The Psychology of Learning
At HN Networks, we believe that the best way to deliver training is to do it in such a way that it matches the way in which people actually learn. To this end, in addition to understanding the subjects that we deliver, we also have a good understanding of the ways in which people learn. Consequently, we deliver the training in such a way that our students derive the maximum possible benefit.

Below, we have provided some brief information on the ways that people learn and, also very importantly, forget information.

Learning and Forgetting

In the world of psychology, and particularly in the area of the psychology of learning, a lot is known about the way in which people learn as well as the way in which people forget. At HN Networks we use this knowledge to enable us to deliver our training courses with the greatest effect for our clients.

It is well understood that, after we have learned something, we start to forget it very quickly. As a result, periodic reviews are very important. Two renowned contributors to the subject of memory loss were Hermann Ebbinghaus and H.F.Spitzer who both conducted experiments to assess the amount of information retained over a period of time following it being learnt. Their results were as follows:

In a study first published in the late nineteenth century, Hermann Ebbinghaus (1913) reported the rates of forgetting meaningless syllables.

Time From First Learning Percentage of Material Remembered Percentage of Material Forgotten
After 20 minutes 53% 47%
After 2 days 31% 69%
After 15 days 25% 75%
After 31 days



In another study, Spitzer (1939) reported the rates of forgetting text book material.

Time From First Learning Percentage of Material Remembered Percentage of Material Forgotten
After 1 day 54% 46%
After 7 days 35% 65%
After 14 days 21% 79%
After 21 days 18% 82%
After 28 days 19% 81%
After 63 days 17% 83%

Both of these sets of statistics nicely illustrate the need for strategies to improve short-term and long-term retention of information. With HN Networks' training techniques, we use regular reviews to reinforce the subjects learnt so that the students are much less likely to forget the information.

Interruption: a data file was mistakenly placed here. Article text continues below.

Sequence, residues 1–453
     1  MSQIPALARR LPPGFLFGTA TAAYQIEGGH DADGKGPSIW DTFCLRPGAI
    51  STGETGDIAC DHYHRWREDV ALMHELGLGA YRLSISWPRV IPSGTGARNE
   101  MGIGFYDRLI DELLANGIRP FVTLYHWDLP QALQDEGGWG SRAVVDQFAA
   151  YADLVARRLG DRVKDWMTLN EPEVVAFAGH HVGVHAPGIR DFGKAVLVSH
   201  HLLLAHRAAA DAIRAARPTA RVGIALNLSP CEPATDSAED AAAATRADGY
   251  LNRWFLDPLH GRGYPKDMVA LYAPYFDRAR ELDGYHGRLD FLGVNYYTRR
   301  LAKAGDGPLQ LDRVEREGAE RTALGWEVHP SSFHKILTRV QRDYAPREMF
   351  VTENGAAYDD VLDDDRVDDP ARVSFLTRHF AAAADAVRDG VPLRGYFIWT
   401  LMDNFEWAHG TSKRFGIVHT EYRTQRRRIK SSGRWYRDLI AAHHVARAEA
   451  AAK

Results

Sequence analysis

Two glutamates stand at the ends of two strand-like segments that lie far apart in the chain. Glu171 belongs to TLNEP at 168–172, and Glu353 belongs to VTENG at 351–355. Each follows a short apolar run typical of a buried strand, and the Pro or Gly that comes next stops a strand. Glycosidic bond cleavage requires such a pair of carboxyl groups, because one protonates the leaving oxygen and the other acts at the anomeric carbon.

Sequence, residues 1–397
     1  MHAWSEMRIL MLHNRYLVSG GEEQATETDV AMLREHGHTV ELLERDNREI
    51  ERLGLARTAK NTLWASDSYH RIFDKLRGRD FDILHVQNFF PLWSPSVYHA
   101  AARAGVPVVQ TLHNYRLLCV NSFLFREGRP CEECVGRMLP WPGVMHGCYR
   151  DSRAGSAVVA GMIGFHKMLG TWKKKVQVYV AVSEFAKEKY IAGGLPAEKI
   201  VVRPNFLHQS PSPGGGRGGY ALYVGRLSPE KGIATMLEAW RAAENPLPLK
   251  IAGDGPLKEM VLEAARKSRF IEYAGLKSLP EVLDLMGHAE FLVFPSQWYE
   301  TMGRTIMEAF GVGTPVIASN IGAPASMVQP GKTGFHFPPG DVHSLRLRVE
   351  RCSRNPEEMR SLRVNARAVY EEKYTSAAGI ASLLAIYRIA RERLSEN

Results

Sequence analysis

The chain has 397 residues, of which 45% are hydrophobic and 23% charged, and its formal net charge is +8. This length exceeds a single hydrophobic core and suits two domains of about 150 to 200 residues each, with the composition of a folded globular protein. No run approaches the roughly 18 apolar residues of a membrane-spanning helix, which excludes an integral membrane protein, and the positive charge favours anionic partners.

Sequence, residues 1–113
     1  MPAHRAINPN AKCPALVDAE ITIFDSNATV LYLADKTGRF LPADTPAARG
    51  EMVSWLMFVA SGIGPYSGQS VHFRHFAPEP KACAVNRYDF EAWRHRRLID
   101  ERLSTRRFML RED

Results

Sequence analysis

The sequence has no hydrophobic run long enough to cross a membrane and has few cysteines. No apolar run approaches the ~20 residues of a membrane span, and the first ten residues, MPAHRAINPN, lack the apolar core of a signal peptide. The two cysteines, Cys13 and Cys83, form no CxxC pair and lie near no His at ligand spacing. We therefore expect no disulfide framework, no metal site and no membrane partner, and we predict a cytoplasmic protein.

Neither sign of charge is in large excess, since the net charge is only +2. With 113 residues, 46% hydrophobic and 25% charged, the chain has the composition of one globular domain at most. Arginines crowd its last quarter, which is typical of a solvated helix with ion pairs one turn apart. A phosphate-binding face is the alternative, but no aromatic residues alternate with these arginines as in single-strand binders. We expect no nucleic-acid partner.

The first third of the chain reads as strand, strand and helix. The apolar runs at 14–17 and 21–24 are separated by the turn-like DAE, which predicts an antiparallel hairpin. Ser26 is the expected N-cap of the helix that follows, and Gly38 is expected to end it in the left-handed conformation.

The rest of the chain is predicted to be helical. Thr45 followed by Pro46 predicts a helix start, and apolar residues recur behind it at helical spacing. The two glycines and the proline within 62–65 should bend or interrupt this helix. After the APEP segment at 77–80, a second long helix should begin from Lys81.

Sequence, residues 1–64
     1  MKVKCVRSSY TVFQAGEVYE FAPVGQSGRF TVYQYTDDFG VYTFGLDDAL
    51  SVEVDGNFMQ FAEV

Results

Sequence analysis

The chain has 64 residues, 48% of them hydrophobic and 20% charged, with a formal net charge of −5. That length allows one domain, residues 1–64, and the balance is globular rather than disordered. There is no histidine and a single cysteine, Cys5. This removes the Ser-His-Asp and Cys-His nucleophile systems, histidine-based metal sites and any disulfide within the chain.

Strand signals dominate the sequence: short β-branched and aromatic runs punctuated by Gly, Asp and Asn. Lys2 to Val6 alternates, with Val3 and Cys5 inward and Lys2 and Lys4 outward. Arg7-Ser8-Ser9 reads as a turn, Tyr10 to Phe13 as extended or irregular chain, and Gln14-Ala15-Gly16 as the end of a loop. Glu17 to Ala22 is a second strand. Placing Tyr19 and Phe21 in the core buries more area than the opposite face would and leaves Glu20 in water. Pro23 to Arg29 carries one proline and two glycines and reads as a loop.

Further to this information, HN Networks also uses the following statistics to better deliver our training. The following graph shows the proportion of information retained in a lecture type environment.

This graph shows the way in which a person will retain information throughout a typical training session. It shows that the memory is good for material at the beginning of the session, actually being best a few minutes after the start. However, the memory tails off during the session but improves significantly towards the end.

The Application of Breaks

We all know how hard it is to digest information if we are presented with too much in one go. To that end, it is best to break any period of learning into relatively small pieces, with short breaks between each one. In practice, it is found that somewhere between fifteen and forty-five minutes is best, depending upon the actual material being learnt. If the chunk is too small, often the full meaning of the information will not be comprehended. If the chunk is too large, the benefit of taking breaks is reduced.

How long should the break be? Well, from zero up to about ten minutes the benefit derived from the break increases. Beyond about ten minutes, no additional benefit will be gained. In fact, this is derived from the graph shown above of the proportion of information retained throughout a session. The result of building breaks into a session then has the effect of producing a retention curve as follows: